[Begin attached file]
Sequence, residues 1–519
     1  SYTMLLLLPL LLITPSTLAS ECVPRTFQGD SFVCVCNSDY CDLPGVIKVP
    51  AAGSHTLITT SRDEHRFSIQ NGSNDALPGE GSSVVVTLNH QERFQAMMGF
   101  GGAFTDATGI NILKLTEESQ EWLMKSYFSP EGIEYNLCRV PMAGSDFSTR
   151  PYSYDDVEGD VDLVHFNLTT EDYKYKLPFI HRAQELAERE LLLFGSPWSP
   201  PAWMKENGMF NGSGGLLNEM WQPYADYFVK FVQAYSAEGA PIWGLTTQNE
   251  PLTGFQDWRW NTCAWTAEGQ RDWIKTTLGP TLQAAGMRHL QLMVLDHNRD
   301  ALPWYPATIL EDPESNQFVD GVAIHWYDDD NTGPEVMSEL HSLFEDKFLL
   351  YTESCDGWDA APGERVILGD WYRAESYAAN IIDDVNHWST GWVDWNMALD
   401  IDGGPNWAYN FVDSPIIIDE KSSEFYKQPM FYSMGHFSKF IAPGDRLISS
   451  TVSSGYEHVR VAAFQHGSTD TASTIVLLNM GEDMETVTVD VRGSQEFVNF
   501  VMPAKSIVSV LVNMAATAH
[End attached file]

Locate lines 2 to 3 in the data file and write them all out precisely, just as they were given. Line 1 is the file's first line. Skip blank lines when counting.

     1  SYTMLLLLPL LLITPSTLAS ECVPRTFQGD SFVCVCNSDY CDLPGVIKVP
    51  AAGSHTLITT SRDEHRFSIQ NGSNDALPGE GSSVVVTLNH QERFQAMMGF